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That Mad Game

• 2012 Skipping Stone Honor Book
• 2013 Notable Book for a Global Society

When writing their end of quarter reflections, the students in my freshmen Humanities class wrote of the impact That Mad Game had on their learning. Comments such as “the instructor’s choice of That Mad Game was excellent,

it opened my eyes and my heart to people and situations I had never thought

of before,” and “My sense of myself as a global citizen grew in leaps and bounds; I have a new awareness of how others suffer from injustice far beyond my own safety; it made me want to become more active in the world.” I will continue to use That Mad Game as the central text for my freshmen students.

It is a deeply humane way for young people to begin to grapple with the consequences of war.

Merna Ann Hecht, Interdisciplinary Arts and Sciences Lecturer, Univeristy

of Washington, Tacoma


Uplifting tales of survival… War’s most vulnerable victims have their say.

Kirkus Reviews


[R]readers will be rewarded by [this] compelling and often uplifting anthology … That Mad Game surprises with its variety. From Taliban-controlled Kabul

to a Japanese internment camp in northern California, from a teen girl’s “soundtrack of war” in Beirut to a young man’s long walk across much of Africa, the startling stories make for rough going at times. But the humor, beauty, and humanity shining through the darkness are what make this collection a must-have for all libraries serving high school students.

Sam Bloom, School Library Journal


Truly a unique title. If we are lucky, we will never know what the contributors

to Powers’s collection have revealed. We will only have their record to better know what it was like; we will only have their sorrow to help us understand. Highly recommended.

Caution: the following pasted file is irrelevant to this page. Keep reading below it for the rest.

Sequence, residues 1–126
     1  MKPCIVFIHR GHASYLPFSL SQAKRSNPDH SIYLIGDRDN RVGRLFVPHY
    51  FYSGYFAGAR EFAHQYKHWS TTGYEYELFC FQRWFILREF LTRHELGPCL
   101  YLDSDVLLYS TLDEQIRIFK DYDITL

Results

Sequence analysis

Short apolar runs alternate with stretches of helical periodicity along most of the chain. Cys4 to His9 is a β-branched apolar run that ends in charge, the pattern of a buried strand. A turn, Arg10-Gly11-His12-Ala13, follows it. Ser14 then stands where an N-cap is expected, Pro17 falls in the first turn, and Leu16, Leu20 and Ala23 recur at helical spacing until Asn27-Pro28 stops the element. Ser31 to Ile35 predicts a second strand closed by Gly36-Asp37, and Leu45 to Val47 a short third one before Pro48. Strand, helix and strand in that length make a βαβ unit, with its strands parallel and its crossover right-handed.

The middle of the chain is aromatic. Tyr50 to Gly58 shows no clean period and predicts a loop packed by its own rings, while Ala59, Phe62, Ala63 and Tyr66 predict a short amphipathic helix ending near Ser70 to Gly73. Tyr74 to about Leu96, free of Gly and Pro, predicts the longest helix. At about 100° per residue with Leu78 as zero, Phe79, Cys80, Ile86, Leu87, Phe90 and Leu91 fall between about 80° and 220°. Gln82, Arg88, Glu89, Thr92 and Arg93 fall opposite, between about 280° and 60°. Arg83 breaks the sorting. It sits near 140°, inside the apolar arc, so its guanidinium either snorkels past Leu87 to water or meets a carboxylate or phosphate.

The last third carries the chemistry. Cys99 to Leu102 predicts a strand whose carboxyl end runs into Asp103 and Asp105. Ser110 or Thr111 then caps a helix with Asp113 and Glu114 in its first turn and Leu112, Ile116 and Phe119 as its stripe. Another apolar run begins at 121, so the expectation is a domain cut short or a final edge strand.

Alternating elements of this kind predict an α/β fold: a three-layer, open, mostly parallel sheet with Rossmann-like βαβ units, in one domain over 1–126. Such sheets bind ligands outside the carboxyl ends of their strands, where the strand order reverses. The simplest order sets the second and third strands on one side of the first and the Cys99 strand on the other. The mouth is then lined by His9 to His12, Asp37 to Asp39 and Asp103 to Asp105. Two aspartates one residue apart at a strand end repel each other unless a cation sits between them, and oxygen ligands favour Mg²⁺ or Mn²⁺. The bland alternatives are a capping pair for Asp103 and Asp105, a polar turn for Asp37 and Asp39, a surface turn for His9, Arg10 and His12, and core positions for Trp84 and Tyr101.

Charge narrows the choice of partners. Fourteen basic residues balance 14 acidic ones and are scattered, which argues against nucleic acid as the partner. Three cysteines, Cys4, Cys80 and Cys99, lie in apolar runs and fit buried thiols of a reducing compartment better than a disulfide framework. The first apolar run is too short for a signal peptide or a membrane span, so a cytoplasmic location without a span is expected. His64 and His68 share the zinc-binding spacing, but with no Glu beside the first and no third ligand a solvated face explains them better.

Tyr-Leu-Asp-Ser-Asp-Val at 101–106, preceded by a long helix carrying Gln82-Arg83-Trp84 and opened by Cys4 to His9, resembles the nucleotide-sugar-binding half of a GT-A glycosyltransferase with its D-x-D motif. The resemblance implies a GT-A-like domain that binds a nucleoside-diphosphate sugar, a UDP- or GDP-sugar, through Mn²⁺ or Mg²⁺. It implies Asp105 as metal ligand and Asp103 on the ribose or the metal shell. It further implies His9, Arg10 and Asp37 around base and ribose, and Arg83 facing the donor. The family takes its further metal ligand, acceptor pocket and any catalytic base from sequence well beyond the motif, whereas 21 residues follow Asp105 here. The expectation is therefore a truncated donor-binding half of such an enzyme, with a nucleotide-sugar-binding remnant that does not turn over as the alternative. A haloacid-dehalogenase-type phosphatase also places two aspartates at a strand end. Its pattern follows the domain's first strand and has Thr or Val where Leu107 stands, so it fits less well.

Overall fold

Coleen Mondor, Bookslut


THAT MAD GAME is a collection of personal essays that can move glaciers.

At least they will move the human heart to consider the suffering of those who experience the violence and terror of war...Each essay presents a unique perspective, and each one shares pain but also hope. Even humor.

Nancy Bo Flood, The Pirate Tree


There is heartache in the stories J.L. Powers has assembled here, as well as loss and pain and death. They are about war, after all. But there is humor too, and also love and faith and hope, because they are human stories too, and as each one testifies in its own way, humans are able to heal.

Charles London, author of One Day The Soldiers Came: Voices of Children in War


I was sent to the war in Afghanistan with a lot of slogans in my head about freedom and fighting terrorism. What I found instead was a tremendous respect for the good Afghan people, a deep sympathy for the Afghan children struggling for better lives, and a profound hatred of the Taliban for the way

they brutalized their own people. That Mad Game is a reminder that such hatred is the same mistake from which all the world’s wars are born. The fact that That Mad Game can steer my hard heart toward sympathy for a young Talib is a sure sign of this book’s tremendous potential to foster a spirit of

peace and understanding in readers everywhere.

Trent Reedy, author of Words in the Dust and Stealing Air


These essays give readers a front-row seat to the hunger, the hardship, and, ultimately, the resilience of people whose childhoods were forever marked by life on the front lines.

Bulletin of the Center for Children’s Books


In reading these documents of the inhumanities of war, we open our eyes to

he ways brutality is perpetuated upon people and perhaps we become a little more compassionate from this understanding.

Viewpoints

 

Coming of age during a time of war: fighting, dying, surviving. First-person accounts from around the world. Seventeen writers contribute essays about how they became adults in times of war. Essays focus on modern history but take no sides. Vietnam from both sides. Bosnia. The Gulf War. Rwanda. Juárez. El Salvador. The list goes on and on. There are no winners, just the survivors left behind. Picking up the pieces.

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© 2021 by Jessica Powers.